New oil production sharing agreement must allow govt to ask for renegotiation-lawyers

Last Updated on Sunday, 29 January 2023, 22:46 by Denis Chabrol

The 2016 Production Sharing Agreement (PSA) between the Guyana government and the ExxonMobil subsidiary, Esso Exploration and Production Guyana Limited (EEPGL),  prevents government from asking for renegotiation of that accord without the company’s agreement, and although the company has the right to request renegotiation, it does not specify what should be the subject of those talks, according to two Guyanese lawyers.

Writing on the topic a “A Legal Review of the Renegotiation Clauses in Guyana’s 2016 Petroleum Agreement” in the Organisation of Commonwealth Caribbean Bar Associations (OCCBA) Journal (January to June 2022 edition), Attorneys Frances Carryl and Michael Ron Monroe recommended that the new PSA allow the Guyana government to ask for that accord to be renegotiated based on stated grounds.

“Furthermore, and perhaps most importantly, future PAs should ensure that both parties enjoy equal agency when initiating the renegotiation process. That is to say, instead of allowing only one party the ability to unilaterally initiate the process, renegotiation should be at the request of either party once a triggering event occurs,” they said. Triggering events, they say, may include a lapse of time, a specific issue or outcome, changes in financial and economic circumstances which adversely affect the parties’ economic benefits.

Ms Carryl and Mr Monroe are Caribbean-trained lawyers. She holds a Master of Laws Degree in Oil and Gas Law from the University
of Aberdeen. At present, her primary area of research and practice is Oil and Gas Law with a focus on Environmental Risk and Regulation. He is  also the holder of a Master of Laws Degree (LLM) in Oil and Gas Law from the University of Aberdeen and a Masters of Law Degree ( in Legislative Studies the University of Ottawa respectively. His primary area of research and practice is Oil and Gas Law with a focus
on contract management, petroleum regulation and legislative drafting.

They noted that often times host states call for renegotiation because they have seen missed opportunities and consider investors profits to be unfairly high after international oil companies have sunk substantial resources into a project and production has begun. The lawyers also cite changes in political and economic circumstances as reasons for the parties returning to the negotiation table.

Counsel Carryl and Monroe say that the PSA contains a clause that blocks the Guyana government from asking for renegotiation or otherwise seeking to avoid, alter or limit that accord without the prior consent of the contractor. They said that means that the Contractor first has to agree to renegotiation. “Unlike the Government which has to acquire the prior consent of the Contractor, the Contractor does
not need to acquire the prior consent of the Government in order to require renegotiation. The Contractor seems free to unilaterally require renegotiation. That is to say, where the Contractor reinvites the Government to the negotiation  table, the Government has to participate. Of course, this does not guarantee Government’s acceptance of the Contractor’s proposed change in terms. However, it glaringly illustrates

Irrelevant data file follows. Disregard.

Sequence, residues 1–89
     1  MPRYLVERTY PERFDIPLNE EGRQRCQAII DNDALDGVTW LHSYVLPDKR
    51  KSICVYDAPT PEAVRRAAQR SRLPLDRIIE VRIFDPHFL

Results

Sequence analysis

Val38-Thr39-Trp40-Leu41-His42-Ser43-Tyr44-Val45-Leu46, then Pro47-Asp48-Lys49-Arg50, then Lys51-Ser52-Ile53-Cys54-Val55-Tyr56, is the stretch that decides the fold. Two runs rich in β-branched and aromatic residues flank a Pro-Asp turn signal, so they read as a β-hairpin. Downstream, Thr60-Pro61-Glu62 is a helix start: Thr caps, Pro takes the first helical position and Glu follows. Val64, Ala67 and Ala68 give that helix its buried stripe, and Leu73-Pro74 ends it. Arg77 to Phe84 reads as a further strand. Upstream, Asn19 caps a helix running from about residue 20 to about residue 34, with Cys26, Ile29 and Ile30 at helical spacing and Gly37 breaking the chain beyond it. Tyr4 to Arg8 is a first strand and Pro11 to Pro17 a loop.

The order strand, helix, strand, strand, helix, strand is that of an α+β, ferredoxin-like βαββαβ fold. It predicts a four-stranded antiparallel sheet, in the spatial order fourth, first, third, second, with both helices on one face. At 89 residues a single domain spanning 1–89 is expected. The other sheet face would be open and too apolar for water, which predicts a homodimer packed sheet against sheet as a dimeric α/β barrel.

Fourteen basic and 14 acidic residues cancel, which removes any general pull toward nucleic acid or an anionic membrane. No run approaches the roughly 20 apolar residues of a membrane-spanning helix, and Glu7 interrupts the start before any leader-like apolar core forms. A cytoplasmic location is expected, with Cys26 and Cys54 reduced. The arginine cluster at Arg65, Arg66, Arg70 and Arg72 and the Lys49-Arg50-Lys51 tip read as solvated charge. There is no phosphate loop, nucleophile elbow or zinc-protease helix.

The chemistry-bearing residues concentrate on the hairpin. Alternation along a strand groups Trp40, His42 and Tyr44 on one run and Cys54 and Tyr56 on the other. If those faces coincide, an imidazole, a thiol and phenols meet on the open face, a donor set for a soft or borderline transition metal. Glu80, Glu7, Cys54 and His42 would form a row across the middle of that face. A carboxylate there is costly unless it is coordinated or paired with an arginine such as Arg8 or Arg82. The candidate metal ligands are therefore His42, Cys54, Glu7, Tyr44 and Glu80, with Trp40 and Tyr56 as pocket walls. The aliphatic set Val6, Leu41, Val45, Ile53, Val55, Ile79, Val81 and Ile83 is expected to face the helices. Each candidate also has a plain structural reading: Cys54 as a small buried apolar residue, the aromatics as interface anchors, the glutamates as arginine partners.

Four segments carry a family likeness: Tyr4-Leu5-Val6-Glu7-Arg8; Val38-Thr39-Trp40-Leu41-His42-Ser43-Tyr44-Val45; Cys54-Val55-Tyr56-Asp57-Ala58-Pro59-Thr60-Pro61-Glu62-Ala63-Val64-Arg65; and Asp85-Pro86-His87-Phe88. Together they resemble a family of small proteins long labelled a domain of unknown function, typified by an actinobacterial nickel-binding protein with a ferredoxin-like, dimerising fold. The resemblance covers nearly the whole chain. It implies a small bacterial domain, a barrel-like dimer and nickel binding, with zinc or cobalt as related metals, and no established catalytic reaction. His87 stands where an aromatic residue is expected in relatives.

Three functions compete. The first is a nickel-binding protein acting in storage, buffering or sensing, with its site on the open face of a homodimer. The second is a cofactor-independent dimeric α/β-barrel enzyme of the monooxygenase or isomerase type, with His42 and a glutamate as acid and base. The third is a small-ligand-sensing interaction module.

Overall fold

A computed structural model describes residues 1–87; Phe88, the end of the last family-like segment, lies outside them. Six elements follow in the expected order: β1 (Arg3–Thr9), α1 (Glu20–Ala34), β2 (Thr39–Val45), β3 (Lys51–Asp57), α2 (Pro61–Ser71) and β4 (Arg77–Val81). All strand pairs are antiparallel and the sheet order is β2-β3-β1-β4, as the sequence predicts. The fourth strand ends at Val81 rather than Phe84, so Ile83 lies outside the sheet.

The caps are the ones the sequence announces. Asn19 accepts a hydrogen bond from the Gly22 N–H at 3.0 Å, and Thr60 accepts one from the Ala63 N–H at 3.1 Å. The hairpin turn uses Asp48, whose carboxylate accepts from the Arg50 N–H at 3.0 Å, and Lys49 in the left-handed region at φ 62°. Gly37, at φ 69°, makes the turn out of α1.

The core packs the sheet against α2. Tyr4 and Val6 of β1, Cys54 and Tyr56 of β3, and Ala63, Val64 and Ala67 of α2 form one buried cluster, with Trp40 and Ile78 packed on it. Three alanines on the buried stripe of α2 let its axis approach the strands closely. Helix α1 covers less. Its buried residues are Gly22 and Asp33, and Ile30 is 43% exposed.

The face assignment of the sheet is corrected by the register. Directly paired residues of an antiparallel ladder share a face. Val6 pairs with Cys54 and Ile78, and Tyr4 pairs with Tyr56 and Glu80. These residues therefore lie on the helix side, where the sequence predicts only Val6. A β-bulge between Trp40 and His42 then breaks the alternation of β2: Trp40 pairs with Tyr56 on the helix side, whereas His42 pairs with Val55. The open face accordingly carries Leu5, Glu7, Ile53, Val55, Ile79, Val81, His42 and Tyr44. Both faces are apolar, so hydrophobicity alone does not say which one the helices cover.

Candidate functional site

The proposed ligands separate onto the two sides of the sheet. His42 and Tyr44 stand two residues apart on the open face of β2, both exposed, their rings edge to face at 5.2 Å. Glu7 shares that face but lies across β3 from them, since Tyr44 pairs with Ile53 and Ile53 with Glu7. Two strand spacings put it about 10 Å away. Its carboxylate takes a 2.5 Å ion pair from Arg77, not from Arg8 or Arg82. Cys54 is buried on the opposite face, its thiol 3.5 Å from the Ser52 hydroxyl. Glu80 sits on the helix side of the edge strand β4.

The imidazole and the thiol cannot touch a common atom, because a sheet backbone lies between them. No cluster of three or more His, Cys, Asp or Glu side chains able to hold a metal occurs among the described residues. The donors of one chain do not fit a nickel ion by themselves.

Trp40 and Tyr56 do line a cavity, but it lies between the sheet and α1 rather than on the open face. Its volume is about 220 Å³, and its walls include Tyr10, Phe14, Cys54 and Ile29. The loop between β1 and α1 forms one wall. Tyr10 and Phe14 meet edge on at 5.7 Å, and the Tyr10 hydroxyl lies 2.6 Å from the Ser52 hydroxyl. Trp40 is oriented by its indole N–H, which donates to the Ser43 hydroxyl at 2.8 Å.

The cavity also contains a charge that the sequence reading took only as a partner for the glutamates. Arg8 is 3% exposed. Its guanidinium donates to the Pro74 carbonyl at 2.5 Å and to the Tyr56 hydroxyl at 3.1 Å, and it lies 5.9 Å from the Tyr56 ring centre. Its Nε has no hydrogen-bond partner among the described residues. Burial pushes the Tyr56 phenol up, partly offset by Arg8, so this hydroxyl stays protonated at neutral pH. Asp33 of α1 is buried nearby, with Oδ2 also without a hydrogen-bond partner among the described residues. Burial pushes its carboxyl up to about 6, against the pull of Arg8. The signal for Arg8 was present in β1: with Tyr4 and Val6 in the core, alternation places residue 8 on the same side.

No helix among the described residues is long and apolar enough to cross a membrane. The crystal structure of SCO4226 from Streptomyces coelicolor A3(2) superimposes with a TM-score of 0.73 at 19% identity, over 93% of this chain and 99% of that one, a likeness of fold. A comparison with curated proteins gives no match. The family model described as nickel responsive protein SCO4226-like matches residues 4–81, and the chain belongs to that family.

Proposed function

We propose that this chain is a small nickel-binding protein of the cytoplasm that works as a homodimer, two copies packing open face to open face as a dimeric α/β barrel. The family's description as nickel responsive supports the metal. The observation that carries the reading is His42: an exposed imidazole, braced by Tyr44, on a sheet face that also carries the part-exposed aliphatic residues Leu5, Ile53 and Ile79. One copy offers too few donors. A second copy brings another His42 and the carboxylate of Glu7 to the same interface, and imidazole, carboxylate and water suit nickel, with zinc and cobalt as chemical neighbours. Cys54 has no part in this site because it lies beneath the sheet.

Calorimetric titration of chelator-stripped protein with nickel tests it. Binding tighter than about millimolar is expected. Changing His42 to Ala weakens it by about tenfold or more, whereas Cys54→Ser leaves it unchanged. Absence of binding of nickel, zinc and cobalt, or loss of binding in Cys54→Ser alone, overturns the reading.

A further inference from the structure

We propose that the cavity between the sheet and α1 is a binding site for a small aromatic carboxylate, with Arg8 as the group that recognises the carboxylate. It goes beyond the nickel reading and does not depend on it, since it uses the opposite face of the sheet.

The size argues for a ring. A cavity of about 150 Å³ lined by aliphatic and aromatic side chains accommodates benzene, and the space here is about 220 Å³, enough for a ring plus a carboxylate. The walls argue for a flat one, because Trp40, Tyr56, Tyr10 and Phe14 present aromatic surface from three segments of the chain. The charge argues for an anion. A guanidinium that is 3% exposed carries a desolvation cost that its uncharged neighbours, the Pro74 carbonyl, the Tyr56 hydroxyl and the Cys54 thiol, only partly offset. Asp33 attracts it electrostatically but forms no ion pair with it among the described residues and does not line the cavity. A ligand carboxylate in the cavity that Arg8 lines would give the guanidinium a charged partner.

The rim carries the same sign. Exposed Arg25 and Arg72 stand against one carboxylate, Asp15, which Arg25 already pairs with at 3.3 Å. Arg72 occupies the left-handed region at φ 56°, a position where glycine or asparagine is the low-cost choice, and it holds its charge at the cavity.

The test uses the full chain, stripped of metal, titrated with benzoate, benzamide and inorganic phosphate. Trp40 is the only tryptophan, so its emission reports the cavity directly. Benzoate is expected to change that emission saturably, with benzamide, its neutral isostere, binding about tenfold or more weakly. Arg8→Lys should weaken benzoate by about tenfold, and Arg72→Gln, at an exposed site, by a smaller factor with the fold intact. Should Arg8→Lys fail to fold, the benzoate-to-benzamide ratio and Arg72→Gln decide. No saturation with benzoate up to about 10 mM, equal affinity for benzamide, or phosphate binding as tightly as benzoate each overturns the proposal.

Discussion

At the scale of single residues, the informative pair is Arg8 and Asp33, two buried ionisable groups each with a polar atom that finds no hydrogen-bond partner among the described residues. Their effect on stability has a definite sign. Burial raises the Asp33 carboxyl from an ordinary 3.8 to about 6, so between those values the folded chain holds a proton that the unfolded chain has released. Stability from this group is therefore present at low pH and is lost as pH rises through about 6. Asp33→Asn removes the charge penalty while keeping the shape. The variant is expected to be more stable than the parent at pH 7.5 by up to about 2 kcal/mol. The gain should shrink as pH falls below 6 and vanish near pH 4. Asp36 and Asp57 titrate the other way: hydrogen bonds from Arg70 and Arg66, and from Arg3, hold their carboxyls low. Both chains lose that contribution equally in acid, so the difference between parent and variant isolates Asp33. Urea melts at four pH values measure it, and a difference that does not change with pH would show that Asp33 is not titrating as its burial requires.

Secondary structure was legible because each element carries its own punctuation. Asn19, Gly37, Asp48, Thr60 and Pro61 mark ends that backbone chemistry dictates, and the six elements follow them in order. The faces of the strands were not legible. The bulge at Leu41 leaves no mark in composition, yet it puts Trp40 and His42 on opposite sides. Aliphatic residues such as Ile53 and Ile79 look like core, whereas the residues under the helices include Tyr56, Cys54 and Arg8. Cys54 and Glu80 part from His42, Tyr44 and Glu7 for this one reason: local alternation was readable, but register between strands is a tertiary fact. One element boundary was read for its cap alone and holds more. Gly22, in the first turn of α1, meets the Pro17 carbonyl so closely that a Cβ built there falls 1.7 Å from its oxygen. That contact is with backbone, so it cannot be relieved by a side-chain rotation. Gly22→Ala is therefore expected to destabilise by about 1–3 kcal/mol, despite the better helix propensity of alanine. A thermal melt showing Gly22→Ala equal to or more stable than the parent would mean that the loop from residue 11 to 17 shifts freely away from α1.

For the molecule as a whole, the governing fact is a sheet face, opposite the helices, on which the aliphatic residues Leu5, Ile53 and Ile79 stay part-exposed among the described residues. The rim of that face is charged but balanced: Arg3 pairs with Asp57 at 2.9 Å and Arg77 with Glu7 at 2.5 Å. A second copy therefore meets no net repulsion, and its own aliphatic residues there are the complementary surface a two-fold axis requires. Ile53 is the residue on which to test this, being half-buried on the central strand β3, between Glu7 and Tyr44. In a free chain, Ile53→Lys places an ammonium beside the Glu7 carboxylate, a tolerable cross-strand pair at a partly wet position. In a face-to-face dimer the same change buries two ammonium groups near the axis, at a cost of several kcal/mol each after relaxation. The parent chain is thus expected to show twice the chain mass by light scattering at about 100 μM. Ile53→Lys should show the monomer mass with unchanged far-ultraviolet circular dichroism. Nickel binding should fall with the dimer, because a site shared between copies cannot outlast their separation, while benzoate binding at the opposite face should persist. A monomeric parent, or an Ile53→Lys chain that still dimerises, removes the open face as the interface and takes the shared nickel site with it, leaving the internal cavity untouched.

how Article 32.1 crisply neutralises the Guyana government’s ability to force renegotiation or compel the Contractor’s participation,” the lawyers say.

In 32:4 of the PSA, the lawyers state that the trigger is the need for restoration of the economic equilibrium of the PSA. In so doing, it clarifies that the triggering event is an instance where the Contractor’s overall benefits have been materially and adversely affected by a change in the laws of Guyana,” they said.

Recommending a balanced approach to renegotiation, the lawyers say in the OCCBA journal said the inclusion of precise triggering events and allowing either party to request renegotiation would prevent unilateral action. Instead of allowing only one party the ability to unilaterally initiate  the process, renegotiation should be at the request of either  party once a triggering event occurs. In this way, there would be no circumstance in which a call for renegotiation by one party is declined by the other. Instead, once the triggering event occurs,
either party would be free to require renegotiation, at which point, the other would be mandated to participate.,” they said.

They say Article 32.1 does not outline any specific circumstance which must occur in order to trigger renegotiation, a silence  that has been considered objectionable and prone to causing conflict and inefficiencies. Though it inures flexibility by leaving the question of the triggering
event open, in future, they add that it would be prudent for parties to precisely define what the triggering event should be,